2. 2.

    Koyalakonda SP, Mediratta NK, Ball J, Royle M. A rare case of aortic valve Myxoma: an unusual cause of embolic stroke. Cardiology. 2011;118(2):101–3. https://doi.org/10.1159/000327081.

  3. 3.

    Stratakis CA, Kirschner LS, Carney JA. Genetics of endocrine disease. J Clin Endocrinol Metab. 2001;86(9)4041-4046.

  4. 4.

    Kim HY, Kwon SU, Jang W-I, Kim H-S, Kim JS, Lee HS, Park MY, Kim T, Lee SY, Doh JH, et al. A rare case of aortic valve Myxoma: easy to confuse with papillary Fibroelastoma. Korean Circ J. 2012;42(4):281. https://doi.org/10.4070/kcj.2012.42.4.281.

  5. 5.

    Wang J-G, Li Y-J, Liu H, Li N-N, Zhao J, Xing X-M. Clinicopathologic analysis of cardiac myxomas: seven years’ experience with 61 patients. J Thorac Dis. 2012;4(3):12.

  6. 6.

    Laguna G, Carrascal Y, Arce N, Martínez G. Incidental aortic valve myxoma: tumour excision and aortic valve repair. Eur J Cardiothorac Surg. 2015;48(3):510–1. https://doi.org/10.1093/ejcts/ezu508.

  7. 7.

    Okamoto T, Doi H, Kazui T, Suzuki M, Koshima R, Yamashita T, Sugiki K, Ohno T. Aortic valve Myxoma mimicking vegetation: report of a case. Surg Today. 2006;36(10):927–9. https://doi.org/10.1007/s00595-006-3273-y.

  8. 8.

    Fernandez AL, Vega M, El-Diasty MM, Suarez JM. Myxoma of the aortic valve. Interact Cardiovasc Thorac Surg. 2012;15(3):560–2. https://doi.org/10.1093/icvts/ivs117.

Download references

Acknowledgements

We are grateful of the support from Shandong University.

Funding

National key R&D program of China (2017YFC1308000).

Author information

GJC-concept, design of initial and final manuscript, TZ-data collection and curation, HZ-design and proof reading, CZ-proof reading and PAC provision. All authors read and approved the final manuscript.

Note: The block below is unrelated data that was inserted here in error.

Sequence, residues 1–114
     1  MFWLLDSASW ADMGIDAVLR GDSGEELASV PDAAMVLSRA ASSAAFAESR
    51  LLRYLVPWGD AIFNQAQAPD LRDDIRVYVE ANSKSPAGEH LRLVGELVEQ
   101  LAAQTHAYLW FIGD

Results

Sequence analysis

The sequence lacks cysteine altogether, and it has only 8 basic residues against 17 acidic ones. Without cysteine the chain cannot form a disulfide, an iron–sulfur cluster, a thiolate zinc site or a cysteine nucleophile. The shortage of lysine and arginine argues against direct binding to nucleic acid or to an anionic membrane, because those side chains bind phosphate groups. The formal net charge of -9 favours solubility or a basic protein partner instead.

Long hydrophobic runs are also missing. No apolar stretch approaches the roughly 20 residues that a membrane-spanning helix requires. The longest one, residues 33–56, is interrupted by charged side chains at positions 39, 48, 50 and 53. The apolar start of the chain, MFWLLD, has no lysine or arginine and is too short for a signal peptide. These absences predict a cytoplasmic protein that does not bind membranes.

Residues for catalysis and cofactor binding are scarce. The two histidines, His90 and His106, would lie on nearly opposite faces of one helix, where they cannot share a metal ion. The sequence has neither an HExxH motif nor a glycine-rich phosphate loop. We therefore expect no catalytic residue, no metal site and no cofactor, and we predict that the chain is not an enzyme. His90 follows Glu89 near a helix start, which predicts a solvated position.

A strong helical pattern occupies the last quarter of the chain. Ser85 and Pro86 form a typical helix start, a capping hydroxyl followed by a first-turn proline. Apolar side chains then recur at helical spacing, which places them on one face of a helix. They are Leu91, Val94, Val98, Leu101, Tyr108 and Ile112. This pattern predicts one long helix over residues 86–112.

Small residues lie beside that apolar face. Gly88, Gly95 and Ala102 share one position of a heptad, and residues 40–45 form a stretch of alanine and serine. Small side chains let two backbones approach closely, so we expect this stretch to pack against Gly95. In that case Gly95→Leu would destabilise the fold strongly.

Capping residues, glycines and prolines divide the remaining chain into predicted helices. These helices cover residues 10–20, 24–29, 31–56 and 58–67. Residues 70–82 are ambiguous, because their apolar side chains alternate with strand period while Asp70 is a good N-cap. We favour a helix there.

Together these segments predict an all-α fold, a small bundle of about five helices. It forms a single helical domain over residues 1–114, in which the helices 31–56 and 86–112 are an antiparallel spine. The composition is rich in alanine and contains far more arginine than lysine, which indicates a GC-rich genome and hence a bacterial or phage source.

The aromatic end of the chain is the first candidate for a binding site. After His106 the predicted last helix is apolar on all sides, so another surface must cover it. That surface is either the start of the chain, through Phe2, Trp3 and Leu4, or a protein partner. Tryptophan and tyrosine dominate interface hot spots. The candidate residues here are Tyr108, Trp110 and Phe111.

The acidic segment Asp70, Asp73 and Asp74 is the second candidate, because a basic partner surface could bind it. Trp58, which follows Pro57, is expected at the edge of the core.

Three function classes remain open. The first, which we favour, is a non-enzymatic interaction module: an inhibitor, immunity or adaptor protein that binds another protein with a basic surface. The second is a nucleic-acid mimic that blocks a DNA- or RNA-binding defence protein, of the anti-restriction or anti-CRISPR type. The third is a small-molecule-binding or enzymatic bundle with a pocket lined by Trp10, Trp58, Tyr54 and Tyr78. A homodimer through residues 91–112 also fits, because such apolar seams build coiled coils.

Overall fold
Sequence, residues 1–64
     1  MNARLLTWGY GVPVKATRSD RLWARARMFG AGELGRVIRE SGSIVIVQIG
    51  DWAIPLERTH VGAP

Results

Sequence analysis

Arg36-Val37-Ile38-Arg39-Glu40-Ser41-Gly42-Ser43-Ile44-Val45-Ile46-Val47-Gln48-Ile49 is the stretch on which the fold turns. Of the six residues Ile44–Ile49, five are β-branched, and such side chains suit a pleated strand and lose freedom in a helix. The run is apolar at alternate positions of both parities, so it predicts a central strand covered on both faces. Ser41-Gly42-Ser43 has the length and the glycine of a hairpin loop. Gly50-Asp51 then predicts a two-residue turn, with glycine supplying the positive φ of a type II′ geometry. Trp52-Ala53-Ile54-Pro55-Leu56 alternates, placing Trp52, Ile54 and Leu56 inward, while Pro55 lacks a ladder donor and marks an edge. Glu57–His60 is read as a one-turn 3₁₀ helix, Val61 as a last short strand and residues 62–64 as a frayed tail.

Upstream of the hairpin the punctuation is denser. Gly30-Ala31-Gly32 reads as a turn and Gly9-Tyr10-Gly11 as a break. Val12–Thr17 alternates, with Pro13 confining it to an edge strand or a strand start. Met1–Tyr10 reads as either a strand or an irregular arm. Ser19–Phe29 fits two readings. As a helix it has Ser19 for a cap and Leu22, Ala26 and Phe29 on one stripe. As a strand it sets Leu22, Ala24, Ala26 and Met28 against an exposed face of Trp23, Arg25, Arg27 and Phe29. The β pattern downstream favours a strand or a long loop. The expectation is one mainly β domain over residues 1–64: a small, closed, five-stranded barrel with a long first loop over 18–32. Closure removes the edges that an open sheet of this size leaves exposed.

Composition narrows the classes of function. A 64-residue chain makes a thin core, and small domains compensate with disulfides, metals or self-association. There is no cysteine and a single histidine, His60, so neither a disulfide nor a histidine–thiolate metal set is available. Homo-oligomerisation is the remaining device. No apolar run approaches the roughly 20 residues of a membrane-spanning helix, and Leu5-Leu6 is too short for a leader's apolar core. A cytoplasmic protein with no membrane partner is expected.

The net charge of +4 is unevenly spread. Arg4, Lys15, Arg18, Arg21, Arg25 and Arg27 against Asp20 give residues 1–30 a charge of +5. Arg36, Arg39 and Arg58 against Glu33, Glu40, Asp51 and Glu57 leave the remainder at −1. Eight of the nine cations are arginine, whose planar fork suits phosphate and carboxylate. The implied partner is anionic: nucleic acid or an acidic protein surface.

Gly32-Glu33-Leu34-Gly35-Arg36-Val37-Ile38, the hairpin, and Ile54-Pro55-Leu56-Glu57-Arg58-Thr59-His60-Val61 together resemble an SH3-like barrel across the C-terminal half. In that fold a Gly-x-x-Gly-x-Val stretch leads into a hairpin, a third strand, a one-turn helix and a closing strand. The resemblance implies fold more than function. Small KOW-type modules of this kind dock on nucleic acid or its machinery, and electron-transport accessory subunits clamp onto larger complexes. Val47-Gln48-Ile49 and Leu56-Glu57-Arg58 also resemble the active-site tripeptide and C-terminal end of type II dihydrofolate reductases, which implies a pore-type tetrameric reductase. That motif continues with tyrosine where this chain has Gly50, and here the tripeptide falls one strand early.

Correspondence to Haizhou Zhang.

Ethics declarations

Ethics approval and consent to participate

Hospital Ethics committee approved publication.

Consent for publication

Patient was informed and written consent obtained.

Competing interests

The authors declare that they have no competing interests.

Additional information

Publisher’s Note

Springer Nature remains neutral with regard to jurisdictional claims in published maps and institutional affiliations.

Rights and permissions

Open Access This article is distributed under the terms of the Creative Commons Attribution 4.0 International License (http://creativecommons.org/licenses/by/4.0/), which permits unrestricted use, distribution, and reproduction in any medium, provided you give appropriate credit to the original author(s) and the source, provide a link to the Creative Commons license, and indicate if changes were made. The Creative Commons Public Domain Dedication waiver (http://creativecommons.org/publicdomain/zero/1.0/) applies to the data made available in this article, unless otherwise stated.

Reprints and Permissions

About this article

Verify currency and authenticity via CrossMark

Keywords

  • Cardiac myxoma
  • Aortic valve myxoma
  • Non-syndromic
  • Carney complex